Digital espresso or a way to consistency - Page 11

Beginner and pro baristas share tips and tricks for making espresso.
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erics
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#101: Post by erics »

I do realize this is a little OT but . . . a US penny is speced at 2.500 grams and a US nickel is 5.000 grams.

http://www.usmint.gov/about_the_mint/?a ... ifications
Skål,

Eric S.
http://users.rcn.com/erics/
E-mail: erics at rcn dot com

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tekomino (original poster)

#102: Post by tekomino (original poster) »

That is great tip Eric and easy way to check the accuracy of the scale quickly. Mine was dead on precise.
Refuse to wing it! http://10000shots.com

MattJ

#103: Post by MattJ »

even the mint uses metric

but a dollar bill is 6 inches long

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cannonfodder
Team HB

#104: Post by cannonfodder »

erics wrote:I do realize this is a little OT but . . . a US penny is speced at 2.500 grams and a US nickel is 5.000 grams.

http://www.usmint.gov/about_the_mint/?a ... ifications

Now that is one of the few useful bits of information in this thread. I will have to remember that one. I dont know that I would rely on that as a substitute for a calibration weight, but it would be a quick way to see if a scale is close. I am sure there is a couple tenths of a gram tolerance but it should be close enough for a ball park check.
Dave Stephens

da gino

#105: Post by da gino »

I always figure if you use five or more it should all balance out (forgive the pun).

mitch236
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#106: Post by mitch236 »

What people don't understand about scales is that unless you are trying to involve a third party, it doen't matter if the scale is accurate. It is far more important to be consistent. If 16gm on your scale produces the best tasting shot, who cares if your scale is off by 1gm, as long as the same amount of coffee always weighs 16gm on your scale, your shots will be consistent. Now if you are trying to share your info or selling something, then calibration becomes very important.

This brings up the concept behind this thread. Consistency is KING when it comes to espresso. If (and I think it does) weighing every shot brings better consistency to your drink, then it is worth the extra 10 seconds it usually takes.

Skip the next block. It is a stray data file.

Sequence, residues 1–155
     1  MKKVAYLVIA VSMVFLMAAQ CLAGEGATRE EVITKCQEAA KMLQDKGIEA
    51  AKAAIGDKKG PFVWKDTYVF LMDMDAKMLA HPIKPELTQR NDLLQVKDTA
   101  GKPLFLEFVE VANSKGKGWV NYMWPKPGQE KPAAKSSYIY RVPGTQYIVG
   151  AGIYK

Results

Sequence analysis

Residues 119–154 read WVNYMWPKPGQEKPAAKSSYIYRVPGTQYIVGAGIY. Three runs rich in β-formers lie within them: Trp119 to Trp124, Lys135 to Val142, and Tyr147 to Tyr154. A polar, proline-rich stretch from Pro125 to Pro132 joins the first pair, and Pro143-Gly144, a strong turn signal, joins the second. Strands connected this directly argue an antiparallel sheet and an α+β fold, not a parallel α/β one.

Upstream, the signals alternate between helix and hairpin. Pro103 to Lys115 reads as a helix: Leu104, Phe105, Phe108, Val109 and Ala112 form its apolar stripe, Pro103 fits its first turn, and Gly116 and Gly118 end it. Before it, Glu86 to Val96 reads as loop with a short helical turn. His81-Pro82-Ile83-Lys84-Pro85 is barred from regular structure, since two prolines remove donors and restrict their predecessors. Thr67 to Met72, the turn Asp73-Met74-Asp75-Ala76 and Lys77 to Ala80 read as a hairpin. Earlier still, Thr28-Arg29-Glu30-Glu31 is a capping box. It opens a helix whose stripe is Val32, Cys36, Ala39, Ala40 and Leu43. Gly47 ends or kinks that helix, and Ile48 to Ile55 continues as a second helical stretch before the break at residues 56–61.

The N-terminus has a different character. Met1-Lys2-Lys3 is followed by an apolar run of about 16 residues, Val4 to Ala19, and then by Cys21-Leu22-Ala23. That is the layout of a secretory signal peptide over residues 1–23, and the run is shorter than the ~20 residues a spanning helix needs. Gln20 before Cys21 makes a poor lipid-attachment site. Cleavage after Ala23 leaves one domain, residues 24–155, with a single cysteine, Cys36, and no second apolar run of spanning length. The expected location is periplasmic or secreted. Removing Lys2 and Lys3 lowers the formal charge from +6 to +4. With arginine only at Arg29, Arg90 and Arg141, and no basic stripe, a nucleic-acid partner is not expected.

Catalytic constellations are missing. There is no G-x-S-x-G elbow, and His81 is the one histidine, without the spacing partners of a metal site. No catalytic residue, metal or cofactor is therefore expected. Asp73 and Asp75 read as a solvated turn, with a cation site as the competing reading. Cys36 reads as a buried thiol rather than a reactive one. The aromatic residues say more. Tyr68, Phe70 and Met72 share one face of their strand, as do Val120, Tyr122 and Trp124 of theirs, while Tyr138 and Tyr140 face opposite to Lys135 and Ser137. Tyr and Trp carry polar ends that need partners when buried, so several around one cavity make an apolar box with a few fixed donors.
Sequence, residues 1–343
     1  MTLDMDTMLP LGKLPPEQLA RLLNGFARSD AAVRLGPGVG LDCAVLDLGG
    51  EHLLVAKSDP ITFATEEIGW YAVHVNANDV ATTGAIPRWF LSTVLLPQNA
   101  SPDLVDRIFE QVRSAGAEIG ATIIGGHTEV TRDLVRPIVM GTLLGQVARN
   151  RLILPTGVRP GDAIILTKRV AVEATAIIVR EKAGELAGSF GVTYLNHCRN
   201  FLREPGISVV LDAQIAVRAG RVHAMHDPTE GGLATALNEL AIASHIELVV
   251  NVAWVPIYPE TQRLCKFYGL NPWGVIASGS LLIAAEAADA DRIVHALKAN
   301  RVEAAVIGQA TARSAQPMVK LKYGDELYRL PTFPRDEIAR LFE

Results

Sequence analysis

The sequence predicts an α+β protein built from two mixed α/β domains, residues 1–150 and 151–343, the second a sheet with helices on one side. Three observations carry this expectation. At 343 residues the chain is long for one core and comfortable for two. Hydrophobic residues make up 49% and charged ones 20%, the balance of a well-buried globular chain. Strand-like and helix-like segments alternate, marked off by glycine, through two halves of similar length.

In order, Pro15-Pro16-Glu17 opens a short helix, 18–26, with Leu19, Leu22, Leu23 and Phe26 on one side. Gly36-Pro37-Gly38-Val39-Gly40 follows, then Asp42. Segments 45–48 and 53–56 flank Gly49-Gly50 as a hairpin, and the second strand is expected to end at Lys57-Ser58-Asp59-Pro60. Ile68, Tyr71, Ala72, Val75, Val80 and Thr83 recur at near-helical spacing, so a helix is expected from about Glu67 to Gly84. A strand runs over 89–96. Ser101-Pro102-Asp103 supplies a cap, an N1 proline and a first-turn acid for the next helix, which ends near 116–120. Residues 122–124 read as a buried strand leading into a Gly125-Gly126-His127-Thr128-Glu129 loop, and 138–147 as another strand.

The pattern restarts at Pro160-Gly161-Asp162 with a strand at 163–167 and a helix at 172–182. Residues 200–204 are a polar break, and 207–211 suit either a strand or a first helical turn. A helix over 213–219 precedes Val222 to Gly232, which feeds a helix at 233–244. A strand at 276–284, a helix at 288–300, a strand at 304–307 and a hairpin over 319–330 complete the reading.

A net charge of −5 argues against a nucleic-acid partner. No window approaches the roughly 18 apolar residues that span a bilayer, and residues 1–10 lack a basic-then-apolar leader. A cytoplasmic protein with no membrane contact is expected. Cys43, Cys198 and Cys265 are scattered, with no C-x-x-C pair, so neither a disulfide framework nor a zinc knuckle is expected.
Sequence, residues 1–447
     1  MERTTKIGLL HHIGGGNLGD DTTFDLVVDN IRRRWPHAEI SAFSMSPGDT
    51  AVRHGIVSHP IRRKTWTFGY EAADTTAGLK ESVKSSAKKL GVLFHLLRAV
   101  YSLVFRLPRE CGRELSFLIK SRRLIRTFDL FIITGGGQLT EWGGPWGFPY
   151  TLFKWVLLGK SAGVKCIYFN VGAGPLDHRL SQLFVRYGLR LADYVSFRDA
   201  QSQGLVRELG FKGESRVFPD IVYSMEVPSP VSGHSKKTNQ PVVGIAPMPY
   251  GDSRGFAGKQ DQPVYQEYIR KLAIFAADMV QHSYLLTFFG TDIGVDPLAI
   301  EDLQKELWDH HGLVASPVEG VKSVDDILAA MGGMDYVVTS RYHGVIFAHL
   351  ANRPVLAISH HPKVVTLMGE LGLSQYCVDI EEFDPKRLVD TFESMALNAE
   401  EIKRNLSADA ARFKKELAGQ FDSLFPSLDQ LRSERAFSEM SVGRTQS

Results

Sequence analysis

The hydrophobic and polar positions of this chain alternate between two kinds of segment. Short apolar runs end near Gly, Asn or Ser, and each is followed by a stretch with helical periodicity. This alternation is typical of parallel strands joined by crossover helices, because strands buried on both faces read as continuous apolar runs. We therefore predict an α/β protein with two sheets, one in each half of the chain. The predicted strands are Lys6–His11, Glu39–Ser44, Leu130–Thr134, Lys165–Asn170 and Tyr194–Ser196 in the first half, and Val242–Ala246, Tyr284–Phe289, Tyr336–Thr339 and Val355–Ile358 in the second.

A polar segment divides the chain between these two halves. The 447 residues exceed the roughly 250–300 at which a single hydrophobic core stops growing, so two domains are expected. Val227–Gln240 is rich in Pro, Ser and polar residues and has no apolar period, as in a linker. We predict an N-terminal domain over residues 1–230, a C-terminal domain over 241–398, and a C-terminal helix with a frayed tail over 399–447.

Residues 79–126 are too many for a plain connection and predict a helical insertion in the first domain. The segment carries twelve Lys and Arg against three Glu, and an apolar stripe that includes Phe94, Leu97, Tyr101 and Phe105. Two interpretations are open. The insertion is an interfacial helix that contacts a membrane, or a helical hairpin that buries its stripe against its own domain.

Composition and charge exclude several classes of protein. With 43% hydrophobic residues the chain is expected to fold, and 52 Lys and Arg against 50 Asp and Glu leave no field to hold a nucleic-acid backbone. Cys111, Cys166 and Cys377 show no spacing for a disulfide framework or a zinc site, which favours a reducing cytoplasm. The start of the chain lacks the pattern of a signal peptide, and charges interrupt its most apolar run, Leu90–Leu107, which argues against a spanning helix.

Ken Fox

#107: Post by Ken Fox replying to mitch236 »

However ----

The cheap scales that most of us use (costing around $7USD, including shipping) are not exactly going to last forever. My own experience and best guess is that they will last between 1 and 3 years when used multiple times each day. Given that, it would be best if they were both accurate and consistent, so that when one has to obtain another one, one does not have to give the matter a whole lot of thought with the next one.

ken
What, me worry?

Alfred E. Neuman, 1955

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JohnB.
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#108: Post by JohnB. »

erics wrote:I do realize this is a little OT but . . . a US penny is speced at 2.500 grams and a US nickel is 5.000 grams.

http://www.usmint.gov/about_the_mint/?a ... ifications
Just make sure you use recent coins. I checked a few pennies & a 1967 weighed 3g.
LMWDP 267

mitch236
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#109: Post by mitch236 »

Ken Fox wrote:However ----

The cheap scales that most of us use (costing around $7USD, including shipping) are not exactly going to last forever. My own experience and best guess is that they will last between 1 and 3 years when used multiple times each day. Given that, it would be best if they were both accurate and consistent, so that when one has to obtain another one, one does not have to give the matter a whole lot of thought with the next one.

ken
Good point!!

wingding

#110: Post by wingding »

Just wanted to thank you for your post. I first read this about 4 months ago. I have been reading the site for about 6 months while saving money. Today I was able to pull the trigger on a Giotto Premium Plus and a Super Jolly. Shipping label...I should have it by Friday. :D Getting back to why I am writing this. Your right on the money with helping new guys. I was reading and reading and getting thrown all over the place. This post along with other's will give me a constant to begin with. I can use 14 grams at go for a 50, 60, 70 percent extraction and learn what the flavor profile is and how the taste changes. Then start over with say 15 grams. Since I have little knowledge of what really good espresso should taste like this method will get me started and begin to develop my skills in a controlled manner. I will be able to use this method to determine if i am getting close to what people write about in their posts. I have one good shop about an hour away and I am pretty sure I am getting quality espresso because it is not bitter and it has a mouth feel like I haven't had anywhere else...and I wish I didn't have to drive an hour to get it..HE even said when I get set up he will give me a whole bean sample of the coffee he uses to see if I am close to the same taste. I thought that was pretty cool. Thanks again for the help..

I can read all day on how to catch a trout...it's nice for someone to show what a trout looks like,,,,,, right.